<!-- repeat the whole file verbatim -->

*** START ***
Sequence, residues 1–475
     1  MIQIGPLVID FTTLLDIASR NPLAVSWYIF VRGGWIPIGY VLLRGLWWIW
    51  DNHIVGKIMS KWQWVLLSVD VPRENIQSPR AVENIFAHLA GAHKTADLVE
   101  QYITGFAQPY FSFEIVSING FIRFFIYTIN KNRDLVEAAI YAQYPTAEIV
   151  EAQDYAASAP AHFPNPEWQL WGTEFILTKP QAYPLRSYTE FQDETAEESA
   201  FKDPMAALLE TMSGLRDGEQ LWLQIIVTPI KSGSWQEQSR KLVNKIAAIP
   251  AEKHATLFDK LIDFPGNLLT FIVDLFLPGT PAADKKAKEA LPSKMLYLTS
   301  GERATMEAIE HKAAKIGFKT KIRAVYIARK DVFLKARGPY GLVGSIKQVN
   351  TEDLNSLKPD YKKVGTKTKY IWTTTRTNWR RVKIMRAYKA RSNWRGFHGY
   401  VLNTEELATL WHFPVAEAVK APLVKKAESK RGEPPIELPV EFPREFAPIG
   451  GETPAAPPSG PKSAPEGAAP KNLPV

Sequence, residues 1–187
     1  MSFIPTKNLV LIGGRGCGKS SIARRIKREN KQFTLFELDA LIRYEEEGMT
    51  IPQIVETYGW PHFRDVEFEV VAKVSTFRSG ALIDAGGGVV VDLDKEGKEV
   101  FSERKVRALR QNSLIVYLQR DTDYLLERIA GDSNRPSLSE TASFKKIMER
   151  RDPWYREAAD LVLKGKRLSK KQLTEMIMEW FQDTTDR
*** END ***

Sequence, residues 1–475
     1  MIQIGPLVID FTTLLDIASR NPLAVSWYIF VRGGWIPIGY VLLRGLWWIW
    51  DNHIVGKIMS KWQWVLLSVD VPRENIQSPR AVENIFAHLA GAHKTADLVE
   101  QYITGFAQPY FSFEIVSING FIRFFIYTIN KNRDLVEAAI YAQYPTAEIV
   151  EAQDYAASAP AHFPNPEWQL WGTEFILTKP QAYPLRSYTE FQDETAEESA
   201  FKDPMAALLE TMSGLRDGEQ LWLQIIVTPI KSGSWQEQSR KLVNKIAAIP
   251  AEKHATLFDK LIDFPGNLLT FIVDLFLPGT PAADKKAKEA LPSKMLYLTS
   301  GERATMEAIE HKAAKIGFKT KIRAVYIARK DVFLKARGPY GLVGSIKQVN
   351  TEDLNSLKPD YKKVGTKTKY IWTTTRTNWR RVKIMRAYKA RSNWRGFHGY
   401  VLNTEELATL WHFPVAEAVK APLVKKAESK RGEPPIELPV EFPREFAPIG
   451  GETPAAPPSG PKSAPEGAAP KNLPV

Sequence, residues 1–187
     1  MSFIPTKNLV LIGGRGCGKS SIARRIKREN KQFTLFELDA LIRYEEEGMT
    51  IPQIVETYGW PHFRDVEFEV VAKVSTFRSG ALIDAGGGVV VDLDKEGKEV
   101  FSERKVRALR QNSLIVYLQR DTDYLLERIA GDSNRPSLSE TASFKKIMER
   151  RDPWYREAAD LVLKGKRLSK KQLTEMIMEW FQDTTDR